Foraging in October is one of my favourite months to forage in, there’s fungi everywhere and it’s still mild enough for fresh greens and herbs. The weather can be really variable in October, some days it’s sunny and warm and the next day it’s an amber weather warning. The days are getting shorter and plants are getting ready for the cold months ahead.
So what can you forage in October? Here are our top five picks for the month.
What to look for when Foraging in October
You can click on the species below to be taken to our full identification guides;
An underused nut in my opinion, they are plentiful and nutritious but can be a bit fiddly to collect and process. The nuts or ‘mast’ sometimes appear in huge quantities and can be used in a similar way as pine nuts.
Rose hips are highly nutritious and tasty, they are particularly high in Vitamin C and played a really important role as a herbal medicine in the past. You can read more about their health benefits here. They can be eaten raw or cooked. You just need to be careful of the seeds that are covered in irritating hairs. I’d say Dog rose gives the tastiest hips but the hips of all roses are edible.
There can’t be many people left who haven’t tried Sloe gin, it gets more and more popular each year. Sloe can also be cooked and used in crumble and pies but to be honest they are quite tart so really gin is the best use for them. They are really easy to ID, about the only things they could be confused with would be other Prunus species but they are all edible. Sloes are distinguished by the spikes on the branches and the size of the fruit.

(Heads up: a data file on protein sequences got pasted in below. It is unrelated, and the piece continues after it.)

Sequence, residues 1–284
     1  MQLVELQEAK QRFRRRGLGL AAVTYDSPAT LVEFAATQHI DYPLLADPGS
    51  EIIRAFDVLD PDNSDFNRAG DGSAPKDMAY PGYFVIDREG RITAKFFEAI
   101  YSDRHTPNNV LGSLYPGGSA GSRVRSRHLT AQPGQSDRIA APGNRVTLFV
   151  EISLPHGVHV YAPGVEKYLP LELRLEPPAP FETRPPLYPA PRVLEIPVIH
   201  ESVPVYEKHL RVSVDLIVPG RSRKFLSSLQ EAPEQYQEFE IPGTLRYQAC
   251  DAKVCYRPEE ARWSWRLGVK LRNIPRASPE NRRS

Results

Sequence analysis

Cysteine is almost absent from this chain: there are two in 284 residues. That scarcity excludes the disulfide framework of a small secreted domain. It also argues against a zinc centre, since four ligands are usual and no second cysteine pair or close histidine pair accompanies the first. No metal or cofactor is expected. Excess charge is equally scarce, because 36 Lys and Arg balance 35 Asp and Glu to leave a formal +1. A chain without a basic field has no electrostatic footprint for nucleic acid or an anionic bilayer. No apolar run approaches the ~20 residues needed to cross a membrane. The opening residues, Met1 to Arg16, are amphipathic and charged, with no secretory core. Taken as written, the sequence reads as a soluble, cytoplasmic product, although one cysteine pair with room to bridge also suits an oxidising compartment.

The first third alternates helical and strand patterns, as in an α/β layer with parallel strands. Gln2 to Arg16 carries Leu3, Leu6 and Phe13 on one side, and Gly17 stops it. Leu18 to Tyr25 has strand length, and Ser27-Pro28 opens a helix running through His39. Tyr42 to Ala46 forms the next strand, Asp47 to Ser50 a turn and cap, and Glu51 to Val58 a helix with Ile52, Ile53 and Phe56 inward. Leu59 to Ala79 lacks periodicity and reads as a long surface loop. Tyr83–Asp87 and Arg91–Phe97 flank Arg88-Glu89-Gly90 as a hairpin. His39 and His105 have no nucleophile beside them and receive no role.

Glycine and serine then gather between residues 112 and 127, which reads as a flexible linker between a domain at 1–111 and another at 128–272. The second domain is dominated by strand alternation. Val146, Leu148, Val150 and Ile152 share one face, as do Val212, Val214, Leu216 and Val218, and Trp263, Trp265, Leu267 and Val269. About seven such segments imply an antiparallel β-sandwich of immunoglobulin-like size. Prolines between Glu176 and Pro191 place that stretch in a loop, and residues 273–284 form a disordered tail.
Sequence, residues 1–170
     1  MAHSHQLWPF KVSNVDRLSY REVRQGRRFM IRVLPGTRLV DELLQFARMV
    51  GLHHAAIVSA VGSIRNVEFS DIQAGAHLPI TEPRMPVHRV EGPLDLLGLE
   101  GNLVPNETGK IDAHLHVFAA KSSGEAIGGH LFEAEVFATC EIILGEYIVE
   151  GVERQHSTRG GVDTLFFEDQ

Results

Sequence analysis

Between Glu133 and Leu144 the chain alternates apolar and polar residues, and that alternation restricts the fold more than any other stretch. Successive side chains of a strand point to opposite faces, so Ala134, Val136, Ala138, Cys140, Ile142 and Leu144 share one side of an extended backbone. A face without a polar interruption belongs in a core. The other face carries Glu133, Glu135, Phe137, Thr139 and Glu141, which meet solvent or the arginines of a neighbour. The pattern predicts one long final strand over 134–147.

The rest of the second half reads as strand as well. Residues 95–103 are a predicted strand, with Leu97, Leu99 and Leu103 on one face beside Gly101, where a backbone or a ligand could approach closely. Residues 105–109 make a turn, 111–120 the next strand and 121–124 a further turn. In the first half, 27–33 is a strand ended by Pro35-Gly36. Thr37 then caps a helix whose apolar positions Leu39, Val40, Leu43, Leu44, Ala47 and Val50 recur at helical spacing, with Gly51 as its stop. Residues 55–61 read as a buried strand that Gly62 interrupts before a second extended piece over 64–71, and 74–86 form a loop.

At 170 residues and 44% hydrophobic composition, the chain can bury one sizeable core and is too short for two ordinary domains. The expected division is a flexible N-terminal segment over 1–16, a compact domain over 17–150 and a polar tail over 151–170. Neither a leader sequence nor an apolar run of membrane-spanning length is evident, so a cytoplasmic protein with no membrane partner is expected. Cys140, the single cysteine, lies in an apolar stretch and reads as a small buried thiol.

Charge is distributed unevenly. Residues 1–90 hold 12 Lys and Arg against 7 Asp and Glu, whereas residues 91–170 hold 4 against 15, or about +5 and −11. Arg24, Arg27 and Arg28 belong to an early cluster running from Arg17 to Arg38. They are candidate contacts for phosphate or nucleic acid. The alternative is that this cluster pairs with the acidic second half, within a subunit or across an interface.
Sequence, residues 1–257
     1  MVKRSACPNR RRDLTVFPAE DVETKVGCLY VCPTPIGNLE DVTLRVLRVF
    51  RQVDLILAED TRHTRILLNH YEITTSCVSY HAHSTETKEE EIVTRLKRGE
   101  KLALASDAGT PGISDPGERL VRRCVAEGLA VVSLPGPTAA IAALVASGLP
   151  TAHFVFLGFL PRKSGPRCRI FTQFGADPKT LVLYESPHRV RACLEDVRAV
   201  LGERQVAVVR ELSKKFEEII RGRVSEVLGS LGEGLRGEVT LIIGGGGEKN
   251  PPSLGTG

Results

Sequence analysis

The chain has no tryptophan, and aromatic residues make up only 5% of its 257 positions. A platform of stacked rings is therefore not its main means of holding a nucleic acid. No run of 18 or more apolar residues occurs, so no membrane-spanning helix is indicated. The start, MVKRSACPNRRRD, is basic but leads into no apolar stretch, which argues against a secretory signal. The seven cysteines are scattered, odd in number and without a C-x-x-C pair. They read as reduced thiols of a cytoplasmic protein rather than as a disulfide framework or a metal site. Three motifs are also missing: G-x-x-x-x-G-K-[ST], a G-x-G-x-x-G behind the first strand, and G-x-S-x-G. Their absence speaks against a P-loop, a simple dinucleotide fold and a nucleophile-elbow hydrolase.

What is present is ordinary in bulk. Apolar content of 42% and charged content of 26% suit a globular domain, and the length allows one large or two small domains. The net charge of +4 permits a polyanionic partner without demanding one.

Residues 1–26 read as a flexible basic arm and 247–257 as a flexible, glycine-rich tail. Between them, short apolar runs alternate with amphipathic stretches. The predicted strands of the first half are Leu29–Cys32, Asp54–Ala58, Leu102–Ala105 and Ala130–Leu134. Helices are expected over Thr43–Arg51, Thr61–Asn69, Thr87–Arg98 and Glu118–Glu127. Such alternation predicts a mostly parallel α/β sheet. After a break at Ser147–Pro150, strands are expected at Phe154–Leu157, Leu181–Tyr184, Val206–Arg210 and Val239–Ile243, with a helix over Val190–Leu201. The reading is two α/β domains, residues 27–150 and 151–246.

Not as highly regarded as Porcini but in my opinion just as tasty and more common. Depending on weather conditions they can appear in huge flushes. They can look similar to other boletes but if you stick to the red or blue rule they’re a really good family to explore.
These mushrooms have quite a long season but I think that they’re most common in October.They are a general saprotrophic mushroom, feeding on dead organic material and can pop up virtually anywhere. They are pretty beginner friendly, their main lookalike is the magpie fungus.
Recipe of the month when Foraging in October
Rosehip fruit leather
Fruit leathers are a great way to preserve any wild fruit particularly rosehips. This recipe will make about 30 rolls which stored in an airtight jar will keep for up to 12 months. They’re a great treat to take on a long walk, I’ve even ‘melted’ them in boiling water to make a quick, vitamin rich drink.
300g cooking apples, peeled and cored (cut them as you like, diced, quartered)
300g Rosehips, chopped in half and seeds removed
500g jam sugar
Put the apples in a large pan and cook on a medium heat for 10 minutes, until it starts to mush down slightly, add the sugar and Rose Hips and cook for a further 5 minutes.
Put the whole lot in a blender and blitz until a smooth consistency is reached
Boil this mixture until it starts to caramelise (usually around 30 minutes on medium heat).
Once you’ve reached this stage, pour this mixture in to two large non-stick dishes that are lined with baking parchment (at least 30x20cms, it’s good to be spread thin so put in even more separate dishes if you have small ones – a thick spread in the tray will take forever to dry) and place in your oven on 100C. Leave the door of the oven slightly ajar and allow all of the liquid to evaporate from the mixture, I leave for 4 hours and then check how it feels – it should peel out of the tray easily and shouldn’t feel wet or overly sticky, if it is I leave it in another hour and try again (depending on how much liquid was in the initial ingredients this can take up to 10 hours).
You should now be able to peel your fruit leather off your tray and can eat it straight away, or roll it up in the baking paper and store in the fridge or an airtight jar. This is amazing preservation and should store for at least 1 yr in your jar.